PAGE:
A Checkup from the Neckup Break Points 8/20/2014 Post a comment Who do you use as a sounding board? Jack Ganssle sees the value in having the right person to tell your troubles to -- if only just for a brain tune-up.
Brown-Out Reset – an Update Break Points 7/8/2014 2 comments When using brown-out reset circuits, the bottom line is that on many MCUs you can’t use the A/D to monitor Vdd during flash writes unless there’s some way to simulate the expected load. As always, do a careful, worst-case engineering analysis.
Fifty Years of TTL Break Points 6/25/2014 26 comments Depending on your source, 2014 marks the 50th anniversary of TTL (transistor-transistor logic). Although some say 1961 is the birth year, TI released the 5400 family in 1964 and the 7400 series in plastic two years later. Since TTL is synonymous with 5400 and 7400, why not offer 50th birthday congratulations?
BASIC at 50: Bad Trip or Bad Rap? Break Points 5/7/2014 40 comments Is it true that a person reared on BASIC, lingua franca of the eight-bit computer world, is forever damned by the experience? Jack Ganssle,the embedded systems guru, shares his experience with BASIC on its 50th anniversary.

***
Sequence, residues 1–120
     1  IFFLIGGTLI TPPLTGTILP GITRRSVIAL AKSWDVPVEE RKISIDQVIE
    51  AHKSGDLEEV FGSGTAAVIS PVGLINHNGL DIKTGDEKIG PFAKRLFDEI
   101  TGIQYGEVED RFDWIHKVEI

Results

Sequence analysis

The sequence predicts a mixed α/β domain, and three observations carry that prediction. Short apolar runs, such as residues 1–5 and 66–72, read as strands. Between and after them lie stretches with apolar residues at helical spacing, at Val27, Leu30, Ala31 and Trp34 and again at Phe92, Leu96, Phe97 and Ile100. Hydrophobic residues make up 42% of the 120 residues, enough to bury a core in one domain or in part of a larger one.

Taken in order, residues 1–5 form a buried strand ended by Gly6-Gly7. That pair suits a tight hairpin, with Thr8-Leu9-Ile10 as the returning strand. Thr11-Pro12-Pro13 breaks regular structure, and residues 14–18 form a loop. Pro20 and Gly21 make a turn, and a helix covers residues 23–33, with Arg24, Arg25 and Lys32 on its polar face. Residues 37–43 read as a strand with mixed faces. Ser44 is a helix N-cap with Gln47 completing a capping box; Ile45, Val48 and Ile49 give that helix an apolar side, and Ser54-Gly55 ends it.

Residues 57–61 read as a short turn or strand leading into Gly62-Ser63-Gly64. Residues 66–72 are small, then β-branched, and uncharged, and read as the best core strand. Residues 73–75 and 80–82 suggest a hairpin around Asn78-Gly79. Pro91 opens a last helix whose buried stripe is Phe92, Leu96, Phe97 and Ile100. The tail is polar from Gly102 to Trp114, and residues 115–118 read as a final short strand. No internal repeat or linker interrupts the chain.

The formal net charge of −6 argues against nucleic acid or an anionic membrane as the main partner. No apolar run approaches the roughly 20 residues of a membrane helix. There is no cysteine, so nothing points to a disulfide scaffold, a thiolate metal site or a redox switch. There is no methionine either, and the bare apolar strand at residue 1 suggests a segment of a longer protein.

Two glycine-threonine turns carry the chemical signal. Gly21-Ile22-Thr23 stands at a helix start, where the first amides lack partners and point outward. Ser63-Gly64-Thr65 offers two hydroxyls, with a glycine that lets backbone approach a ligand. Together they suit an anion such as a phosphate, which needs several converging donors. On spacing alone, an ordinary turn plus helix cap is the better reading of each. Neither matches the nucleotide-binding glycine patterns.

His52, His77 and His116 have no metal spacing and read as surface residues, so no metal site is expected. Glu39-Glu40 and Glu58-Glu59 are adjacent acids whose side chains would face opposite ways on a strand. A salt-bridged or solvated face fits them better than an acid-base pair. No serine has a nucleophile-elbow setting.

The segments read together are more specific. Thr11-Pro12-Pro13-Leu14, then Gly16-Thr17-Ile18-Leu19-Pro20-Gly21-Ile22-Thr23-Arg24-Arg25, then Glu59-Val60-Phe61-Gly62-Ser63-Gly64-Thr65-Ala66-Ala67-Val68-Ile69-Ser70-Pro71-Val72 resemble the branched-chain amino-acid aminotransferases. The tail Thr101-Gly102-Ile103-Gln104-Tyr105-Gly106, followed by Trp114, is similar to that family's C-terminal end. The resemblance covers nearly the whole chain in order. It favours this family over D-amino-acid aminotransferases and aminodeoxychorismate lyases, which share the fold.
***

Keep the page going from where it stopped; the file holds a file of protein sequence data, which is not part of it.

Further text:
How Much Energy Can You Really Get From a Coin Cell? Break Points 4/24/2014 6 comments Motivated by what he considers outrageous claims made by a number of MCU vendors that their processors can run for several decades from a single CR2032 cell, Jack Ganssle compares coin cell batteries to see if the claims are legit.
Where's the CPU? Break Points 4/14/2014 8 comments Jack Ganssle is having fun with Raspberry Pi and other popular boards by asking fellow engineers to find the CPU. Most can't.
Decoding Time to Market Break Points 9/19/2013 3 comments What's the fastest way to get a firmware project out the door? Ship junk. What's the second-fastest way to market? Here's how to predict your time to market by looking at code practices.
In conjunction with unveiling of EE Times’ Silicon 60 list, journalist & Silicon 60 researcher Peter Clarke hosts a conversation on startups in the electronics industry. One of Silicon Valley's great contributions to the world has been the demonstration of how the application of entrepreneurship and venture capital to electronics and semiconductor hardware can create wealth with developments in semiconductors, displays, design automation, MEMS and across the breadth of hardware developments. But in recent years concerns have been raised that traditional venture capital has turned its back on hardware-related startups in favor of software and Internet applications and services. Panelists from incubators join Peter Clarke in debate.